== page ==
The Field Museum of Natural History in Chicago returned the remains of 14 Maoris to New Zealand last month, concluding years of negotiations with Te Papa Tongarewa, the national museum in Wellington. Though other remains from the Bishop Museum in Honolulu have been given back to New Zealand, the Field is the first museum from the mainland United States to repatriate Maori material.
The handing over ceremony took place on 10 September at the national meeting ground at Te Papa Tongarewa where the remains will be placed into a repository until the tribal identities of the individuals can be established. Maori remains are not displayed in New Zealand.
John Terrell, the Field Museum’s curator of Pacific Anthropology, said the repatriated remains include parts of 13 skulls purchased in the 1890s from a New York scientific supply company. He does not know how the firm obtained them or the identities of the individuals. The Field has also returned the preserved tattooed head of a tribal chief acquired in 1958 from a British collector who sold the museum more than 6,000 pieces from the Pacific Islands.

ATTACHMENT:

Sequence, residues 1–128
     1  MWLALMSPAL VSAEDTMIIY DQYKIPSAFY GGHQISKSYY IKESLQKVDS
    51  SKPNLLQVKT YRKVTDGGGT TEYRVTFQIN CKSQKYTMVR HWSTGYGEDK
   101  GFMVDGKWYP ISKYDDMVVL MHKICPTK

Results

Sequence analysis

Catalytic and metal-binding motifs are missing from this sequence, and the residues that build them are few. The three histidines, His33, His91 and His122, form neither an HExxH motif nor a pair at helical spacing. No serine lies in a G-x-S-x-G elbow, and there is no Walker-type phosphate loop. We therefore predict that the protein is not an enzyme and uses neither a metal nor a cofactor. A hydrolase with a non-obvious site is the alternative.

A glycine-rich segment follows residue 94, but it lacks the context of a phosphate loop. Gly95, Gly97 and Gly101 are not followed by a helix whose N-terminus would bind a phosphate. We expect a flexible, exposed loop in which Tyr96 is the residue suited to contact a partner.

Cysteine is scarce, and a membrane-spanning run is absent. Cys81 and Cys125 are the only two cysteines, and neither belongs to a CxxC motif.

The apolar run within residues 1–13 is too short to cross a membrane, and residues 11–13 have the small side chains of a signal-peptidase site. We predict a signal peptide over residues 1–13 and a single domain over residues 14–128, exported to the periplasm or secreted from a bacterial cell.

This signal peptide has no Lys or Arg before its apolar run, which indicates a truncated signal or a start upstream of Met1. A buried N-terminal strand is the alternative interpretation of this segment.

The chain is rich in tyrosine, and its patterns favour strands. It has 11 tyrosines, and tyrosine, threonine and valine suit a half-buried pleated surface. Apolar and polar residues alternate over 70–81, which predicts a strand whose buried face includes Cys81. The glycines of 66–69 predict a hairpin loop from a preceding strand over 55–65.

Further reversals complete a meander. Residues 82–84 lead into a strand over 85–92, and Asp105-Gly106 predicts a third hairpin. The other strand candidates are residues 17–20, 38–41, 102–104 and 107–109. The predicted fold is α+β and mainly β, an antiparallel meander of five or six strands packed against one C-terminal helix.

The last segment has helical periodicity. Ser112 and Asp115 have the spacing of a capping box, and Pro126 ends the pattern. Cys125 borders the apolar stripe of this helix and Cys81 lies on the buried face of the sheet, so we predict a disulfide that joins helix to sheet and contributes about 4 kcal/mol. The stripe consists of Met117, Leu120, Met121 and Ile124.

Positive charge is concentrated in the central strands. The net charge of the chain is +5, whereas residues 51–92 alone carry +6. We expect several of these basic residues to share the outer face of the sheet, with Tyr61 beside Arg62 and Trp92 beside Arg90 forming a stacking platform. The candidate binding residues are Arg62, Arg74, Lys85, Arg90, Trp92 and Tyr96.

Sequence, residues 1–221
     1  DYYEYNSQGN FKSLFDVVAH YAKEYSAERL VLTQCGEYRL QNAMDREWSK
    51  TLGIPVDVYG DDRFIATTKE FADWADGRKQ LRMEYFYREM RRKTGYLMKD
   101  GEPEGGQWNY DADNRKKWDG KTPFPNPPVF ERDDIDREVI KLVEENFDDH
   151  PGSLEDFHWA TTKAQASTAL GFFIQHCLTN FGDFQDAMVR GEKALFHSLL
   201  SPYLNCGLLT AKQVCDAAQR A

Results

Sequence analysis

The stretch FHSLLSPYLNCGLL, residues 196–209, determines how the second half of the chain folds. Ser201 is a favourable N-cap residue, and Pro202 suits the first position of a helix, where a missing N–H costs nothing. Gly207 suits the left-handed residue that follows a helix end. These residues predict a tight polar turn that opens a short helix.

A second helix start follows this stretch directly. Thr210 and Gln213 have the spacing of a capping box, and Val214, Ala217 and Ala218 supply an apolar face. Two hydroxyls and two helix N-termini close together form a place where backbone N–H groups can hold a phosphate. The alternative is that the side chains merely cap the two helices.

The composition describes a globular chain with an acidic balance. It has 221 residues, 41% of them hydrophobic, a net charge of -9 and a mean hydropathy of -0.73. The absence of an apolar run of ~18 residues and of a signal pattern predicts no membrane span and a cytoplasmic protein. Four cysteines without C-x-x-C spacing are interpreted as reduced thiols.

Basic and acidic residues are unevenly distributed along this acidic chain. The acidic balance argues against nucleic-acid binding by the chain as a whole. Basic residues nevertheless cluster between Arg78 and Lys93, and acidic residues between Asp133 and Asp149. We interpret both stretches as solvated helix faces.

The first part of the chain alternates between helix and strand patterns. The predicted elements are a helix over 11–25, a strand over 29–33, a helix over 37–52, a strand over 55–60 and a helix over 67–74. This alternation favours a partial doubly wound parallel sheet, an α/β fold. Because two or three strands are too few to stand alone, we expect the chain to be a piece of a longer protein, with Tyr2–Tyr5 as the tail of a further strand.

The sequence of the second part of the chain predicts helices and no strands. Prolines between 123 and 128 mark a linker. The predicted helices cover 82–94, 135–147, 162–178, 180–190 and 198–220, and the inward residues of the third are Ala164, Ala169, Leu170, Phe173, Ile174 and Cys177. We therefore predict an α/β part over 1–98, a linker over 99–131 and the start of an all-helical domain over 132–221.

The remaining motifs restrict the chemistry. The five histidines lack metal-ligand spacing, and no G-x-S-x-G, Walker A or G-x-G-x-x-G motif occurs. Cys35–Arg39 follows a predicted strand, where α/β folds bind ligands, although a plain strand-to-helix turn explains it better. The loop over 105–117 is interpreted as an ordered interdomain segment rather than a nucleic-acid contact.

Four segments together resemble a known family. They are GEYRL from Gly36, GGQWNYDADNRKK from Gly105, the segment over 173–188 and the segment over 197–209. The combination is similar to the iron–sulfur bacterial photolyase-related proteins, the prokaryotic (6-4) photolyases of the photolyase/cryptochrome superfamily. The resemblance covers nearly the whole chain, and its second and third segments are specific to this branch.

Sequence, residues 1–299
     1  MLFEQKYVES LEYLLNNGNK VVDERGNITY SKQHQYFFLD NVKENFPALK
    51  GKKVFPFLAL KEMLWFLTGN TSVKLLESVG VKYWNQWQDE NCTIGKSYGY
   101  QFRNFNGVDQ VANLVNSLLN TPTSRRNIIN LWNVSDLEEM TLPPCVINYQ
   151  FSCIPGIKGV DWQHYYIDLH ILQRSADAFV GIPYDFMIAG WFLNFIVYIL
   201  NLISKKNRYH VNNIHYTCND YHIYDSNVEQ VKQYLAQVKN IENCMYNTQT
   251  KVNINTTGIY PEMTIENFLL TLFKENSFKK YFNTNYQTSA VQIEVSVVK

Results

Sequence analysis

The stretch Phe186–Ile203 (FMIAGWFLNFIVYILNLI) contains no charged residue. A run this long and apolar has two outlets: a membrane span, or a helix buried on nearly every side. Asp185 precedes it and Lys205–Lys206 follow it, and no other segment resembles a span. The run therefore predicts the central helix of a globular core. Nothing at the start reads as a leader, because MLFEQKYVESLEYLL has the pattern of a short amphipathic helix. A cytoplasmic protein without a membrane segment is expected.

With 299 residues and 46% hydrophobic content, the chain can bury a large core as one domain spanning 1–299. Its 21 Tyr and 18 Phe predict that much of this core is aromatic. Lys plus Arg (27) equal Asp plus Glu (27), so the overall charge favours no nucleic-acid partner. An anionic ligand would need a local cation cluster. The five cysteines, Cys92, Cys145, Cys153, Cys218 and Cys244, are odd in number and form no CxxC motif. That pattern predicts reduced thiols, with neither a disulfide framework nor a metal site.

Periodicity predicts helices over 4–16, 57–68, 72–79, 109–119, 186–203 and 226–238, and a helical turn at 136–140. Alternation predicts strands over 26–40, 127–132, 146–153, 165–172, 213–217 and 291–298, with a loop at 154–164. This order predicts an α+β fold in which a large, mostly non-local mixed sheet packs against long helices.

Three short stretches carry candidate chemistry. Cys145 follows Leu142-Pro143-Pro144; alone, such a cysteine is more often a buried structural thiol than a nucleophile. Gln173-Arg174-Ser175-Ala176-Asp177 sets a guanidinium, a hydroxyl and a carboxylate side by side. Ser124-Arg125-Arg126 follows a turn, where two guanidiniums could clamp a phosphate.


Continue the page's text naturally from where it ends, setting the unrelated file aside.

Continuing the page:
Arapata Hakiwai, director of Maori Culture at Te Papa, says approximately 150 foreign museums and medical colleges hold Maori remains, and since 2003 a government-mandated five-person team at the national museum has sought their repatriation. A request for restitution was first lodged with the Field in July 2005, although informal discussions about the head go back to the mid-1980s. Hundreds of remains have been recovered from museums in Europe, Asia, and Australia, generally after a request from Te Papa. Mr Hakiwai says an emerging trend, especially in the UK, is for institutions to initiate discussions, citing the recent return of remains from the Marischal College Museum in Aberdeen, Scotland.
In April, a New Zealand delegation visited the Field museum to mark the 125th anniversary of a Maori meeting house that has been a key piece in the collection since it was acquired in 1905. The Field has an extensive Pacific Islands collection, assembled mainly in the first decades of the 20th century, but according to both Mr Hakiwai and Dr Terrell there are no pending repatriation requests for Maori material.